Jagrutha Mahila Sanghatane (JMS)

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To look for new alternatives towards building and re-building lives and communities has always been a process of constant search, learning, experiment and experience in JMS. Traditionally being deprived of ownership of any sort on natural resources (land, water, forest, trees, houses etc), or physically being excluded from having access to natural resources has resulted in Dalits being landless and poor. Hence the community initiatives that JMS engaged in were to increase the access, ownership and control of Dalit households and communities over resources in general and over natural resources in particular using various strategies.

Some of the key initiatives relate to the following:
1. Land – the natural resource: Dalit Households in the district of Raichur are by and large landless or marginal land holders (half an acre to two acres). Very few of them over the years have acquired some land. However, majority of the people who toil on the land as agricultural labourers are Dalits and Dalit women in particular. A few of the households have lands ranging from 1 acre to 2 acres allotted by the government. These lands were generally fallow and unfertile in nature. Hence JMS initiative was to reclaim these lands through a process of making them cultivable. This experiment happened in the village of Devipura (Manvi Taluka, Raichur District) where 28 acres of land belonging to 14 households was rejuvenated, made cultivable (2003-05). The second phase of reclaiming land was undertaken during 2007-08 in the villages of Jagir Pannur, Muddanagudi, Pothnal and Dotrabandi where 106 acres of land belonging to 54 households was rejuvenated.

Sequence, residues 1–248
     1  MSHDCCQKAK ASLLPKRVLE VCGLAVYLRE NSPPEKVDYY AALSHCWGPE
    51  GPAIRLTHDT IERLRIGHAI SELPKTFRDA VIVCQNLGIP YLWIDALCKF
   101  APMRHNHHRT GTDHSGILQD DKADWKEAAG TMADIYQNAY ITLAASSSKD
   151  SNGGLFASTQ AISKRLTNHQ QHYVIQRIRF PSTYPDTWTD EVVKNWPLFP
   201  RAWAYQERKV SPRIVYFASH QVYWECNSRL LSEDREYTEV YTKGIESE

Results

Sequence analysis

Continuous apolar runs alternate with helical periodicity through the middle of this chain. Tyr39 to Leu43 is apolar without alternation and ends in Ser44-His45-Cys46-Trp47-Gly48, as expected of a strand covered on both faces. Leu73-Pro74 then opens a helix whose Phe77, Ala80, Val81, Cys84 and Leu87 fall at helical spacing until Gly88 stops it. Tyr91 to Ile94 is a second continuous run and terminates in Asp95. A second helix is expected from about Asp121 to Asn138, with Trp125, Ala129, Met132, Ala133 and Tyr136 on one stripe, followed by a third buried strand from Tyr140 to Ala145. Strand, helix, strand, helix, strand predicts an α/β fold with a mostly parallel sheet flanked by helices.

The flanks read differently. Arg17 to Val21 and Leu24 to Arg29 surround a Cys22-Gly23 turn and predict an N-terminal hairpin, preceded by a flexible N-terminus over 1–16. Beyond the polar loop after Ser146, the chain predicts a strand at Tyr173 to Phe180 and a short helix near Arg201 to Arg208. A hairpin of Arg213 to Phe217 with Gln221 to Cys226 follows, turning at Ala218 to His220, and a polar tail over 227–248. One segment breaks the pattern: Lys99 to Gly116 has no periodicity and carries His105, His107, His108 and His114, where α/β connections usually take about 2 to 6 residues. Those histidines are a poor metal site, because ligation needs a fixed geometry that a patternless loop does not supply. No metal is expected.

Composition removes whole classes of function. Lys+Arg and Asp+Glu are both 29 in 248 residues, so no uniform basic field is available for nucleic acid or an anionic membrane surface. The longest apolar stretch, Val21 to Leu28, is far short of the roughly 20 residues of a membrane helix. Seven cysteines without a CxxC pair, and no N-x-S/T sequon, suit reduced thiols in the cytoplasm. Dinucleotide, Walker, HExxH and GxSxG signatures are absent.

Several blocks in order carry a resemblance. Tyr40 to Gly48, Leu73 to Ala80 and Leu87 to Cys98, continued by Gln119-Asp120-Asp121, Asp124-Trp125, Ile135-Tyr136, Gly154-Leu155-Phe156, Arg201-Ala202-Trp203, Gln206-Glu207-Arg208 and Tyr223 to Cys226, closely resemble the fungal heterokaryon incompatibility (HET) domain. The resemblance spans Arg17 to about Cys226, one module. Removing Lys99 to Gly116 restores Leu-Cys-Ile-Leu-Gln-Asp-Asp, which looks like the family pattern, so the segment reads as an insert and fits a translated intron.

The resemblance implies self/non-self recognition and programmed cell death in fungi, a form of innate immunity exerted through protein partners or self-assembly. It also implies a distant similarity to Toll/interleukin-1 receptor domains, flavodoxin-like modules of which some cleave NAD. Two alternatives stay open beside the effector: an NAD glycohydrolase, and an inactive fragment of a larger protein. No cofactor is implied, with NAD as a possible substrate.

2. Organic Manure: After the completion of the Tungabhadra Dam and the canal network parts of Raichur came under canal irrigation. This process brought about a complete shift in the cultivation patterns with water intensive crops such as paddy becoming the most prominent crop. The process also saw high intensive use of chemicals – fertilizers and pesticides – thus resulting in salinity and unfertility of the soil. There were also health impacts on agricultural laborers, general populations consuming locally grown food items etc. Reclaiming soil fertility was undertaken through promoting the production of organic and natural fertilizers based on neem, cow-dung, bio-mass, vermi-compost etc. At present in different villages of JMS work area neem fertilizer, bio-compost, vermin-compost are produced and made available to the farmers.

3. Education : Literacy levels among Scheduled Castes and Scheduled Tribes remains the lowest in the country and the fact is equally true in Raichur district. The opportunities for good quality education itself being very restricted to people in general, Dalits experienced burden by having no access to primary education itself or being unable to access educational opportunities due to socio-economic and cultural circumstances. One witnesses the the prevalence of child marriages, child-labour, bonded labour etc in vulnerable communities. JMS has given priority to provide educational opportunities to children by encouraging them to go to schools, by holding motivational classes, tuition centres, by linking up with the National Child Labour Project (NCLP) under the ministry of labour for the education, mainstreaming and rehabilitation of child labourers. Among others, the Chilipili Child Laborers’ Special School is such an initiative.